“Franchised dealer optimism is on the rise, whereas independents are less hopeful due to affordability issues that more acutely affect the used-vehicle market and their businesses,” Cox Automotive Chief Economist Jonathan Smoke said in a statement.
Franchised dealers rated their inventory a 63, an improvement from the 60 last quarter and far beyond the 31 score in the third quarter of 2022. But dealers didn’t think the increased supply would negatively impact their profitability, which they viewed more favorably than before the pandemic.
“The market is beginning to be flooded with extra inventory, but prices and financing rates remain through the roof,” a Ford dealer in the South told Cox.
Last year, 63 percent of franchised dealers saw inventory as a hindrance to their business during the third quarter, the top challenge experienced by retailers. By the second quarter this year, it had dropped to third place and was an issue for only 42 percent of dealers. This quarter, inventory posed an issue for just 33 percent of dealers, a significant quarter-over-quarter decline, Cox said.
Dealership inventory increased enough that a lack of automaker incentives emerged as a top five challenge this quarter. Cited by 26 percent of dealers, insufficient incentives tied with political climate as the fourth-greatest challenge for the industry.
“New vehicles have little to no programs and limited special financing,” a Nissan dealer told Cox.
EV inventory appears to have grown to the point of being a nuisance for at least some dealerships. Franchised dealers told Cox during the third quarter that they see their present and future EV markets as positive. However, the score of 56 when asked to predict the EV market in three months was the lowest rating Cox had seen in the more than two years it had posed that question.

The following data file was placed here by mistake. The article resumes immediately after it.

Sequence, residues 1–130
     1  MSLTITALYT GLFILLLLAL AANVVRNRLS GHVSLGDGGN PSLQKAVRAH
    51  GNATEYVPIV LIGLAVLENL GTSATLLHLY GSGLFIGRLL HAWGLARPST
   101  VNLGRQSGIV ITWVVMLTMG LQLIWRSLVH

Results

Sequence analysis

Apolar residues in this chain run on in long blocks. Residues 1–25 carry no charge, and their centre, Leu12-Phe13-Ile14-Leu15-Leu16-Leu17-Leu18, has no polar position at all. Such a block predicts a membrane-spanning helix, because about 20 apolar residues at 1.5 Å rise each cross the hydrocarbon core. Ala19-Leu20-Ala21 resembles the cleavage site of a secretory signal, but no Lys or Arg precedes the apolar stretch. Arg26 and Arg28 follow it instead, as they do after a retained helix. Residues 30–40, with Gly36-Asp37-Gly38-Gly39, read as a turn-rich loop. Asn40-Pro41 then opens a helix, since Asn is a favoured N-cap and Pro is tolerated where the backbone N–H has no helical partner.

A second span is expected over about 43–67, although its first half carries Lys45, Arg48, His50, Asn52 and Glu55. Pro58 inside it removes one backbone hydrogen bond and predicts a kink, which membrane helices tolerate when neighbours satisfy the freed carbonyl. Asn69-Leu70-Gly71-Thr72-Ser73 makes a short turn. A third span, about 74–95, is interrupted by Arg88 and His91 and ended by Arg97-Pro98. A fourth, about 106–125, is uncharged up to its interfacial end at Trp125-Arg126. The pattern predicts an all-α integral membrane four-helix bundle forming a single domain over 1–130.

“The buzz about electric vehicles is over,” a Ford dealer in the West told Cox. “Now, they are like everything else. We have to beg people to buy them.”
A Kia dealer in the South recalled selling EVs for $7,000 more than sticker a year ago but now is “discounting thousands below and still [not] moving them consistently.”
However, Cox observed EV sales growth occurring, Smoke said.
“Some people have described it as a demand problem, and I don’t think that’s really accurate,” he told Automotive News. “It’s really an oversupply problem.”
Supply was expanding exponentially, but demand was growing linearly, Smoke said.
“The dealers are feeling that pressure,” he said.
But he thought the EV challenges were a necessary evil. Oversupply means prices will fall, and “the No. 1 issue for consumers is the price,” he said.
Price drops will improve adoption and stimulate the growth of charging networks.
“So it’s the beginning of a long journey,” he said.
Interest rates were the No. 1 problem experienced by franchised dealerships during the third quarter, identified by 65 percent of retailers, up from 61 percent a quarter earlier. The economy remained in second place among dealer burdens, but it was cited by 43 percent of dealers instead of the 49 percent during the second quarter.
“Interest rates and bleak outlook for consumers makes them less prone to spending money,” a Toyota dealer in the Northeast told Cox.